William Jethro Brown

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William Jethro Brown (29 March 1868 – 27 May 1930) was an Australian jurist and professor of law.

Early life[edit]

Brown was the son of James Brown, a farmer, and his wife Sophia Jane, née Torr, and was born at Mintaro, South Australia. Brown was educated at Stanley Grammar School, Watervale, South Australia, and taught for a while at Moonta Mines State School. He then studied at St John's College, Cambridge, graduating in 1890 with a double first class in the law tripos.[1] He was called to the bar of the Middle Temple in 1891 and elected Macmahon student at St John's College in 1892.

Law career[edit]

In 1893 Brown was appointed professor of law and modern history at the University of Tasmania and held this position until 1900 (apart from 1898 when he acted as professor of law in the University of Sydney). In 1898 he published as a pamphlet Why Federate, which had been read before the Australasian Association for the Advancement of Science. It was a crucial year for the cause of Federation, and Brown did good service in pointing out that the difficulties were mostly of a mechanical character. In 1899 appeared his thoughtful study The New Democracy, and in 1900 he left Australia to become professor of constitutional law and history at University College London. In the following year he was appointed professor of comparative law at the University College of Wales. He was examiner for the Cambridge law tripos 1902–1905, and for the University of London from 1905–1906. In 1906 he became professor of law at the University of Adelaide, holding the position for 10 years. His The Austinian Theory of Law, an edition with critical notes and excursus of lectures I, V and VI of Austin's Jurisprudence and of his Essay on the Uses of the Study of Jurisprudence, was published in 1906 and was reprinted several times. In 1912 he published The Underlying Principles of Modern Legislation, which was welcomed as a real contribution to political thought; a fifth edition appeared in April 1917. In this volume Brown points out that the likelihood of greatly increased state activity in the future throws a great responsibility on the teacher and the brains and character of the community; and that problems will arise that will demand enlightened statesmanship no less than reforming zeal. Brown did not attempt to set out his own view's on the settlements of particular problems. The book was planned as a university textbook, and he held that the writer in a book of that kind "ought to be careful in expressing personal opinions about problems of which the precise solution is very debatable". Next appeared the volume The Prevention and Control of Monopolies, where he is more constructive, but always endeavours to hold the scales evenly. He was appointed president of the industrial court of South Australia in 1916 and showed great industry, courtesy and ability in carrying out his duties. His experiences as chairman of the sugar commission in 1912–14 and on other occasions as chairman of the price regulations commission, the foodstuffs commission, and the gas commission, enabled. him to gain much knowledge of the conditions in industry.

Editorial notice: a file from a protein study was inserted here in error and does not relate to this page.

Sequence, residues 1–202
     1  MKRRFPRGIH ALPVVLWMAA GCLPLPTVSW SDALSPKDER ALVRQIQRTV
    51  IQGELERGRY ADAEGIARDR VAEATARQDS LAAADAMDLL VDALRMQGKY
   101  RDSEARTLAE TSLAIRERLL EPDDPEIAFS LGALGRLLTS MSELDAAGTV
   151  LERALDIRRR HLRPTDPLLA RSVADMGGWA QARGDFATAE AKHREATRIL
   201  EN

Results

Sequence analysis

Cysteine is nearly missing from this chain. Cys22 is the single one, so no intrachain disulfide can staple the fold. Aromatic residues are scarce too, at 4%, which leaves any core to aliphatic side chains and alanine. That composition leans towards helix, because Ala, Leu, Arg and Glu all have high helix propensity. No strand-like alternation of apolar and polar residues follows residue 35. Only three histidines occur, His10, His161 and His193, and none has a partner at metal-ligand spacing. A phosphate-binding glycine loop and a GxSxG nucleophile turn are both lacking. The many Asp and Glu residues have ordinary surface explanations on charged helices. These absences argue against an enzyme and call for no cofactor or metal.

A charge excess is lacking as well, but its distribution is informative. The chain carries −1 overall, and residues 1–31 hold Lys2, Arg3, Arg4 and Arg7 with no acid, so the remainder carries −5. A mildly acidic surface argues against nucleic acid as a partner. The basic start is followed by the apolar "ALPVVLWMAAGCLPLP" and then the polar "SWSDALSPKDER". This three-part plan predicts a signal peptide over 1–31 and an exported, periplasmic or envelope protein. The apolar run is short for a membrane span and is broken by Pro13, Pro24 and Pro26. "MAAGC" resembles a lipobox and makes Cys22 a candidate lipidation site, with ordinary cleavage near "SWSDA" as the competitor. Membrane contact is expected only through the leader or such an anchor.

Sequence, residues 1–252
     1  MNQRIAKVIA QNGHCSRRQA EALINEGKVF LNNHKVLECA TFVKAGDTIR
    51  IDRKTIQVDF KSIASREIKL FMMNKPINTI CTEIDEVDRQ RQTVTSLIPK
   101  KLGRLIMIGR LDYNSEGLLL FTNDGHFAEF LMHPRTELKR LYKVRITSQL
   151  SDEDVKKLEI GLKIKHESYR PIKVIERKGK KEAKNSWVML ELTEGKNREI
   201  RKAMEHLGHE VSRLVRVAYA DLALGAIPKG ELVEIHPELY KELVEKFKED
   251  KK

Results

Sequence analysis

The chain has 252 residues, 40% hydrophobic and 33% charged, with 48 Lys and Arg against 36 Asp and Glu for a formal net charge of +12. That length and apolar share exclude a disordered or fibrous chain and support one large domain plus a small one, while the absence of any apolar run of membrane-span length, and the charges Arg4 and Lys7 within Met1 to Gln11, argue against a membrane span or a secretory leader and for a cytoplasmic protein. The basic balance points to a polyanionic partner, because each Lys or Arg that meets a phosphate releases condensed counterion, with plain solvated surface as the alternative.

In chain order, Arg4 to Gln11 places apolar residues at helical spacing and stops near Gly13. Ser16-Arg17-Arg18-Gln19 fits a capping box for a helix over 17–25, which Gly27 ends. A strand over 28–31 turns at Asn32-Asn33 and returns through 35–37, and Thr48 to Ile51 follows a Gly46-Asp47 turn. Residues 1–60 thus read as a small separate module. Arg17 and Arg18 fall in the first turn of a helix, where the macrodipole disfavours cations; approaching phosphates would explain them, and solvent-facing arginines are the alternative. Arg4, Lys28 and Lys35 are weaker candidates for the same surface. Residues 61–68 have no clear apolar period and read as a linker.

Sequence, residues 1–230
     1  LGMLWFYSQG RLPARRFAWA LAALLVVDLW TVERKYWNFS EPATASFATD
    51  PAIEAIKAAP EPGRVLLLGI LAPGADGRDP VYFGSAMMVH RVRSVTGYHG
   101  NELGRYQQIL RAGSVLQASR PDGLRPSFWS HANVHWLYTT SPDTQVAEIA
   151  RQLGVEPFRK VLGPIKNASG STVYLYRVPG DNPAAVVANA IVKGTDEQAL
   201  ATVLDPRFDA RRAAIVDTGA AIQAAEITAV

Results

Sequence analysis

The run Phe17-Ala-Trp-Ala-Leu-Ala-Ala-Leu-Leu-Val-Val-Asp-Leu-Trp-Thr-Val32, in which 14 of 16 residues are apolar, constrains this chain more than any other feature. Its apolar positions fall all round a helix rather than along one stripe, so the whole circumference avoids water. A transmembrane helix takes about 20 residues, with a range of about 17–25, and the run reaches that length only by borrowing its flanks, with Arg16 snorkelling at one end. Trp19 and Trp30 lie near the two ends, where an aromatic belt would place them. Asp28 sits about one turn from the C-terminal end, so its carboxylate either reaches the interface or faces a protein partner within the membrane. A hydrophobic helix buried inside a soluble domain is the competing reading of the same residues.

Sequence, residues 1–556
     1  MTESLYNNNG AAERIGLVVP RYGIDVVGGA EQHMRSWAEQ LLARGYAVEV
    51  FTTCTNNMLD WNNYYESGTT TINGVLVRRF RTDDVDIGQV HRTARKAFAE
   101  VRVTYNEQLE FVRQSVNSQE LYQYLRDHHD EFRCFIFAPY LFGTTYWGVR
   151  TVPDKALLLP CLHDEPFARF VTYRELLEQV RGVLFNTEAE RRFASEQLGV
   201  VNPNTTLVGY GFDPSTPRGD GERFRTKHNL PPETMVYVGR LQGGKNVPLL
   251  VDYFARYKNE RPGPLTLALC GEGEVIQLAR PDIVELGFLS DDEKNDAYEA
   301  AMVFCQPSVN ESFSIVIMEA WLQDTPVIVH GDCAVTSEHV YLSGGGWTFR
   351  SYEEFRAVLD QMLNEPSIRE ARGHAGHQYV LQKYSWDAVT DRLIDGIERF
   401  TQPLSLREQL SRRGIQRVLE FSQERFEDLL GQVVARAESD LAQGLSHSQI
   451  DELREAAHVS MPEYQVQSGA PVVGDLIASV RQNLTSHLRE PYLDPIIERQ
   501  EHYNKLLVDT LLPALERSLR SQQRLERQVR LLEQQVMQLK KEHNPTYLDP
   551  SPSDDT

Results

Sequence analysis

Late life and legacy[edit]

Brown's health began to fail and in July 1927 he resigned his position. He died at Adelaide of pneumonia on 27 May 1930. Brown held the LLD. degree of the University of Cambridge, and received the degree of Litt. D. from the University of Dublin for his The New Democracy. Brown married Aimée Loth in 1900 who survived him with a son, the marriage was a dismal one. Brown also contributed a long essay "The Judicial Regulation of Industrial Conditions" to Australia, Economic and Political Studies, edited by Meredith Atkinson. He also wrote largely for the reviews, including the Law Quarterly Review, the Hibbert Journal, the International Journal of Ethics, the Westminster Review, the Independent Review, the Juridical Review, the Columbia Law Review and the Yale Law Journal.

References[edit]

  1. ^ "Brown, William Jethro (BRWN887WJ)". A Cambridge Alumni Database. University of Cambridge.